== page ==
Wrinkles, relationships, science, etc.:
Couples often start to look alike as they grow older, because one consequence of mimicking a partner’s facial expressions after years of cohabitation is that the repeated use of the same facial muscles means that faces start to look more similar. If one partner smiles in a certain way and the other is likely to copy it, similar patterns of wrinkles and molding of facial muscles will occur. Because empathizing is likely one key to marital bliss, it follows that spouses who look more alike after many years of marriage — because of the mimicking of expressions and mannerisms— should report being happier together. This is exactly what research has found.
I’m almost positive that one hundred years from now historians will look back and say that mankind circa 2012 went waaaay overboard in thinking that a slew of glib psychological research and pop neuroscience books with one-syllable titles (Blink! Imagine! Choke!) could possibly explain or demystify human behavior in any meaningful way…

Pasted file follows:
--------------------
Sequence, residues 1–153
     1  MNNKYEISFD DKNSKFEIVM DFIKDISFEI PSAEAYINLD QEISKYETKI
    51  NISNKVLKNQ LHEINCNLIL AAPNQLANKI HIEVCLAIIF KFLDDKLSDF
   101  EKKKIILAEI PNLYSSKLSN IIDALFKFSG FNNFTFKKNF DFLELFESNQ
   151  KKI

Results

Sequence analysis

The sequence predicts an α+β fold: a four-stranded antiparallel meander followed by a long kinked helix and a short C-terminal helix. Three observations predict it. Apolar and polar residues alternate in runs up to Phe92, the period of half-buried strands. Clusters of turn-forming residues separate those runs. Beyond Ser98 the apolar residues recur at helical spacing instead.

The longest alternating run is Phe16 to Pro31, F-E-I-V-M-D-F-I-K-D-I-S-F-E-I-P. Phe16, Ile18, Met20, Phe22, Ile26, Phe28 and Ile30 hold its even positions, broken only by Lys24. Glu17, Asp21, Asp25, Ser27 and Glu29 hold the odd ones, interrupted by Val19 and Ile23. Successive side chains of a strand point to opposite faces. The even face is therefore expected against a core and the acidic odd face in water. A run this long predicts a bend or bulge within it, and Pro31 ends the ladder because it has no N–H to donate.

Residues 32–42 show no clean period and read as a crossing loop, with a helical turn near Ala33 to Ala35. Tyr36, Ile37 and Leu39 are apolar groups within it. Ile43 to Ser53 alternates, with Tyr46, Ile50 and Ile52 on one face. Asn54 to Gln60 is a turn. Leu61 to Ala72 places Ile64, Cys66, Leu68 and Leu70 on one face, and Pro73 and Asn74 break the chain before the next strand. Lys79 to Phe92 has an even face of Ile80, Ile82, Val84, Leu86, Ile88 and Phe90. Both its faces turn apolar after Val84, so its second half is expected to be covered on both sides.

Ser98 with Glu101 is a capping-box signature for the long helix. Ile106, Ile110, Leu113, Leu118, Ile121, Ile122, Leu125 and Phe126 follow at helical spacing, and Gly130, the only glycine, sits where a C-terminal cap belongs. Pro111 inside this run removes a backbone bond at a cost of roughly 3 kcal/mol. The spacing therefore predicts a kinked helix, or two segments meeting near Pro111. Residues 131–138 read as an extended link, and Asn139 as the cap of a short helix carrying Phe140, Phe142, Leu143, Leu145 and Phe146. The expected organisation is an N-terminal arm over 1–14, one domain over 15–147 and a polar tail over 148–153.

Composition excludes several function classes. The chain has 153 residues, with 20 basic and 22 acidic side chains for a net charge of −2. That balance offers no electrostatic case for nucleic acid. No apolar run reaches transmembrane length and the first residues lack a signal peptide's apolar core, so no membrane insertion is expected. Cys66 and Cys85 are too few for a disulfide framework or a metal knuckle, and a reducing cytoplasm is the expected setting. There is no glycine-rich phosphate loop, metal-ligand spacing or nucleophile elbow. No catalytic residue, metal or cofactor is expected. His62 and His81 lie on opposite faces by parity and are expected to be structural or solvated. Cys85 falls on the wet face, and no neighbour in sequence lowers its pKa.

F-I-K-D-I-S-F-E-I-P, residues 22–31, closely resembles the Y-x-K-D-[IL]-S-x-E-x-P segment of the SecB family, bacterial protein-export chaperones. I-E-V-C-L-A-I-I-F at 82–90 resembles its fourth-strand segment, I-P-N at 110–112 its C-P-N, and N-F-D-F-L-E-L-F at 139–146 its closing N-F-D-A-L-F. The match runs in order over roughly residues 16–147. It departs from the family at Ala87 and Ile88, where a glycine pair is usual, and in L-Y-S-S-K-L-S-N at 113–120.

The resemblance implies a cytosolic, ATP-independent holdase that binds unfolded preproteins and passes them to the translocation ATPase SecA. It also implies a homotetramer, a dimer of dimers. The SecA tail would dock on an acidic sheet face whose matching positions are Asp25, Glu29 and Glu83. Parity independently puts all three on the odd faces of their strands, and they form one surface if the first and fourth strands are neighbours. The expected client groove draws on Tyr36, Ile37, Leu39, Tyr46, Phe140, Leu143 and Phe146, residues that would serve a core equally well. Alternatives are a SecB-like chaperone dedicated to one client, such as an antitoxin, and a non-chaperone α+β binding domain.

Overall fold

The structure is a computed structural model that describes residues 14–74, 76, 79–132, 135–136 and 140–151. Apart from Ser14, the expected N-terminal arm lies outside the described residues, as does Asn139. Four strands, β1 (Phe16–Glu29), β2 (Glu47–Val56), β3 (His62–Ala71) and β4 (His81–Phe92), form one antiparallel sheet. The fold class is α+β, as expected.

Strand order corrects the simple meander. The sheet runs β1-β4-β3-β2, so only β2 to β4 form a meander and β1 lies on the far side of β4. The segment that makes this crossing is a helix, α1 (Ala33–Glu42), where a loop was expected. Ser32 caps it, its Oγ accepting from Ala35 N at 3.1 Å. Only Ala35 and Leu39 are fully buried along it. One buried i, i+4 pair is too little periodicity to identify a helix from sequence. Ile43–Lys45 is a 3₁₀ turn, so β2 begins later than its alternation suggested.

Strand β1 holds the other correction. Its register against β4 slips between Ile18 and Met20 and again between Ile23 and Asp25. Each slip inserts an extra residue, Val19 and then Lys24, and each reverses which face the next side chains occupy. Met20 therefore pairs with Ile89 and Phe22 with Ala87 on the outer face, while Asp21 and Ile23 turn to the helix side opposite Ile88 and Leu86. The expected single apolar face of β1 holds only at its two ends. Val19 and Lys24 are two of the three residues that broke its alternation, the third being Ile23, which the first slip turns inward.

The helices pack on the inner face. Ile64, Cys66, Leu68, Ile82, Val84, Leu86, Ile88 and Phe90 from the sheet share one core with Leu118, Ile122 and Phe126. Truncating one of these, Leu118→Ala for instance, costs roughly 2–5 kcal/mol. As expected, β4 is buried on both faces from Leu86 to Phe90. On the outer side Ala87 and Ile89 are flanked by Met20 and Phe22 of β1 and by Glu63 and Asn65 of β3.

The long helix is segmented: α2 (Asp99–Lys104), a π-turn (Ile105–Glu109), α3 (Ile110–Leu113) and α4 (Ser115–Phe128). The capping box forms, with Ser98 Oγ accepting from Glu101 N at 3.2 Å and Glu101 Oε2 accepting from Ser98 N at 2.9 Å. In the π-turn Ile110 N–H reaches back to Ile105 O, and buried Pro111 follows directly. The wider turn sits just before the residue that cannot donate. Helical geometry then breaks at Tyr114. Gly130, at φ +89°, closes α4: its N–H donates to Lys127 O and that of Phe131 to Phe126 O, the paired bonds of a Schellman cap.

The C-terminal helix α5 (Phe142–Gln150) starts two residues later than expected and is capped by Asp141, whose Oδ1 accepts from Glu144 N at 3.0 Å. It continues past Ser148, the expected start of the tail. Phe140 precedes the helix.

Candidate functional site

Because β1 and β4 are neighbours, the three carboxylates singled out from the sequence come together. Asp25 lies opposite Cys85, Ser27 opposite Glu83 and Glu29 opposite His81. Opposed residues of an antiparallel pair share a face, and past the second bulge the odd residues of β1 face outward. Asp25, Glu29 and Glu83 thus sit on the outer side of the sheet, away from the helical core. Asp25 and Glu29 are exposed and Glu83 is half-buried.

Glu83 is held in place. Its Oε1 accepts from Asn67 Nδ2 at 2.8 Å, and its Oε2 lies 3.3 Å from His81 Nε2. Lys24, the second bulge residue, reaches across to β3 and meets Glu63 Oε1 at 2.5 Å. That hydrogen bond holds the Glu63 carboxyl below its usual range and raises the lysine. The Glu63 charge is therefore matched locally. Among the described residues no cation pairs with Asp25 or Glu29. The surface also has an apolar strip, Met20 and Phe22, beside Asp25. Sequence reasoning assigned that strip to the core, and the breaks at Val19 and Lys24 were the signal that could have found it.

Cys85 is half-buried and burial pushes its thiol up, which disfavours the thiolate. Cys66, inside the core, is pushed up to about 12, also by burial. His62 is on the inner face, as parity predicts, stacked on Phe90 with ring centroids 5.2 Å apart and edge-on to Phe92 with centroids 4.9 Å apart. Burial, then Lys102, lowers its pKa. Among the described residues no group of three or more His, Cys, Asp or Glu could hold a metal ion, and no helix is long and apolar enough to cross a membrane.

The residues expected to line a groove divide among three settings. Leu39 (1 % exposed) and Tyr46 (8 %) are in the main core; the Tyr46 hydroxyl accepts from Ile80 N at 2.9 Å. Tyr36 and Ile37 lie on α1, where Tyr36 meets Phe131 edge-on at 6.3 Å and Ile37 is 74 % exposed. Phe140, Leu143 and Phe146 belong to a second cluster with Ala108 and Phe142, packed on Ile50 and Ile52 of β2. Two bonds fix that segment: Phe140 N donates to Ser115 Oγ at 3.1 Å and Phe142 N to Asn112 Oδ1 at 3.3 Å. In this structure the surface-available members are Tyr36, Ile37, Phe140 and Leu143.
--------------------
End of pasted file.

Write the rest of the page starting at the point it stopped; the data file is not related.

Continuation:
BUT: a) this stuff make for good conversation/blogging fodder, b) believing that a few half-baked research papers explain complicated human interactions can’t be any worse than falling under the spell of Nietzsche or, I dunno, Paulo Coehlo, and c) this here study’s totally charming—happy elderly couples with matching wrinkles!